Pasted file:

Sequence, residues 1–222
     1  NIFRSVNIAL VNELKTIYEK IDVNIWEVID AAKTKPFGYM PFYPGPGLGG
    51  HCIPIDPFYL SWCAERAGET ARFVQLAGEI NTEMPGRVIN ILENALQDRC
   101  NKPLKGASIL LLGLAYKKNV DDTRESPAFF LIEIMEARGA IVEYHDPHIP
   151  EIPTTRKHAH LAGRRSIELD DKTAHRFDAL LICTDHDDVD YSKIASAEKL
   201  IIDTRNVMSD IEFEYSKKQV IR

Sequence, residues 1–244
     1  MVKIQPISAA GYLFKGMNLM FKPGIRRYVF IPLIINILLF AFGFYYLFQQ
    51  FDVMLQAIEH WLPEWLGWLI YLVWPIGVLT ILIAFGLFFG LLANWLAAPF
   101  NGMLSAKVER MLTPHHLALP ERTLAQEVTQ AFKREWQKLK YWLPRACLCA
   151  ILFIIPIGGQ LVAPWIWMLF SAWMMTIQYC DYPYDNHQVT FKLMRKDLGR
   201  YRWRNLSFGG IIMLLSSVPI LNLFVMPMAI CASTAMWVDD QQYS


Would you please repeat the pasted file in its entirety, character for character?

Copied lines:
Sequence, residues 1–222
     1  NIFRSVNIAL VNELKTIYEK IDVNIWEVID AAKTKPFGYM PFYPGPGLGG
    51  HCIPIDPFYL SWCAERAGET ARFVQLAGEI NTEMPGRVIN ILENALQDRC
   101  NKPLKGASIL LLGLAYKKNV DDTRESPAFF LIEIMEARGA IVEYHDPHIP
   151  EIPTTRKHAH LAGRRSIELD DKTAHRFDAL LICTDHDDVD YSKIASAEKL
   201  IIDTRNVMSD IEFEYSKKQV IR

Sequence, residues 1–244
     1  MVKIQPISAA GYLFKGMNLM FKPGIRRYVF IPLIINILLF AFGFYYLFQQ
    51  FDVMLQAIEH WLPEWLGWLI YLVWPIGVLT ILIAFGLFFG LLANWLAAPF
   101  NGMLSAKVER MLTPHHLALP ERTLAQEVTQ AFKREWQKLK YWLPRACLCA
   151  ILFIIPIGGQ LVAPWIWMLF SAWMMTIQYC DYPYDNHQVT FKLMRKDLGR
   201  YRWRNLSFGG IIMLLSSVPI LNLFVMPMAI CASTAMWVDD QQYS